HMRC Is Shite

HMRC Is Shite
Dedicated to the taxpayers of Britain, and the employees of Her Majesty's Revenue and Customs (HMRC), who have to endure the monumental shambles that is HMRC.

Friday, 7 September 2012

The Joy of Retrospective Taxation

The Treasury, in its infinite "wisdom", has sought to clarify its stance on retrospective taxation in the light of queries raised by the Treasury Select Committee following retrospective taxes being raised on Barclays and new variations of stamp duty land tax (SDLT) which are retrospective.

The Treasury said (as per Step Journal):
"The government agrees that changes to tax legislation where the change is to have effect from a date earlier than the date of announcement should be restricted to wholly exceptional circumstances. The government has made a commitment to this effect in the Protocol on unscheduled announcements, published in ‘Tackling tax avoidance’ at Budget 2011. 

By observing the Protocol, the government aims to strike the right balance between the rights of taxpayers affected by the change and the interests of the generality of taxpayers. In doing so we ensure that our response to avoidance risk is proportionate and limited to what is necessary to address that risk. The Forum of Tax Professionals review announcements as a standing agenda item at its regular meetings and provide Ministers with a view on how the Protocol is being observed in practice."
All clear now?

Would anyone care to define what "wholly exceptional circumstances" might actually be?

Tax does have to be taxing.

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  1. Whenever they can get away with it?

    1. Is the answer to look closely at the green paper relating to this and discover what those who drafted trhe legislation intended it to mean rather than what HMRC decide is their "interpretation" of the legislation?
      Sounds a bit heavy and all that but its a basic precept of the law and what the Judiciary use as a starting point. Granted no case law though!

    2. What legislation are you referring to? This is a public statement dealing with when retrospective legislation will be used. There's no legislation here to interpret, as far as I can see, nor will there be a green paper.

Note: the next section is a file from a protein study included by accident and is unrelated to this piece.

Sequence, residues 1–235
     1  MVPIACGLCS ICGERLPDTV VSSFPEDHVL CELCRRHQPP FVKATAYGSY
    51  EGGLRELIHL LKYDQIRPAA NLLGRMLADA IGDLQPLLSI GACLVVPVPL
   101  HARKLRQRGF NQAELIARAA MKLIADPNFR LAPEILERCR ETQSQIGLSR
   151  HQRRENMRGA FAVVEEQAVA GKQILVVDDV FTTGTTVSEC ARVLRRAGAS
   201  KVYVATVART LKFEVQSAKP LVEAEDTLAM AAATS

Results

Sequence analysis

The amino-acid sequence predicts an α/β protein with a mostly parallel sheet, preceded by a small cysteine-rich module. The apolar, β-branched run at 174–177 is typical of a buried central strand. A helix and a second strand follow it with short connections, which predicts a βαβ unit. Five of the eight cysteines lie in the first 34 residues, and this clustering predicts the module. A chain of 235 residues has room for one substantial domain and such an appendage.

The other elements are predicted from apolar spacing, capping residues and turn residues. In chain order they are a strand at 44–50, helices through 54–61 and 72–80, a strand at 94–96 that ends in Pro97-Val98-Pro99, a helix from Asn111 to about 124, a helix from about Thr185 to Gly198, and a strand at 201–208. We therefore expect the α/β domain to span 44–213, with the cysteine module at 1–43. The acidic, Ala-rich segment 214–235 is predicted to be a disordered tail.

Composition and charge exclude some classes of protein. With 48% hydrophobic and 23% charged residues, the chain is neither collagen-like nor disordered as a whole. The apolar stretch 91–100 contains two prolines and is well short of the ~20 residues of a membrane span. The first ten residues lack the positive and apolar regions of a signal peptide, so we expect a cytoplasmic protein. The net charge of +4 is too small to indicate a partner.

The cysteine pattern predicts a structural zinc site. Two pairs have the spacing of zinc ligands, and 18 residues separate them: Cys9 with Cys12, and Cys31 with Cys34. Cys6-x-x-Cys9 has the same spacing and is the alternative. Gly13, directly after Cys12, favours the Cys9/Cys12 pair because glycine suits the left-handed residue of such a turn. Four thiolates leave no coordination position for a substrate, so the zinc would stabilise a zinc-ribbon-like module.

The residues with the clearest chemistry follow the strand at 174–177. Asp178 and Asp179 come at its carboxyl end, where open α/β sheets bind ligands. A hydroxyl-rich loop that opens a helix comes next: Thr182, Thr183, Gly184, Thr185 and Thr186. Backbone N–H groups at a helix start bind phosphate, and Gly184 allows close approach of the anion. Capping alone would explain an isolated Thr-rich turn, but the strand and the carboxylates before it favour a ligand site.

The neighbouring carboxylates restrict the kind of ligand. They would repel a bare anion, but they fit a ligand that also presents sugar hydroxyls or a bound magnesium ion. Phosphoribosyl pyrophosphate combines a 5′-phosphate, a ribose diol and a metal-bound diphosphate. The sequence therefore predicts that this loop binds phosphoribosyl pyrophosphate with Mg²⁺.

3. I am assuming that you followed the links and read the number of times the word legislation is used and proceeded by "changes to...".
      In order to accept the need for change it will have been neccesary to understand the original and why it needs changing?
      Unless of course you don't bother with what the legislation says because you are a self-policing organisation.

    4. I'm an individual not an organisation, thank you very much, and the links refer to legislation in general, not specific bits of it.

      However, I think you and I may be at crossed purposes. You started your first comment with "is the answer to...". The answer to what? I (perhaps wrongly) assumed you meant the answer to the question of what "exceptional circumstances" means.

      Purposive interpretation of legislation is used for two things that are relevant here: for HMRC to decide whether arrangements need to be challenged and, in limited circumstances (and not "as a starting point") the courts will use it as a guide to interpretation. It's not a good guide as to whether or not the government will go down the retrospective route, though: while it's probably true that they wouldn't do so if they didn't think the arrangements in question didn't go against Parliament's intention (excuse the double negative) there will always be far, far more instances where they think that but don't.

      Stew G

    5. Wotever!
      There We Are Then.

  2. "Would anyone care to define what "wholly exceptional circumstances" might actually be?"

    Don't play innocent, Kenneth. Surely you're not so naive as to expect a definition of a word like that in such a context.

    If one were to be given, every scheme promoter would immediately start tacking on features designed to ensure that their wheezes didn't fall within the definition. There would be judicial reviews all over the place. In short, a perfectly legal (words you seem to consider to be determinative of all that is moral and desirable in certain other contexts) means of protecting the public finances from egregious attacks could be neutered.

    Stew G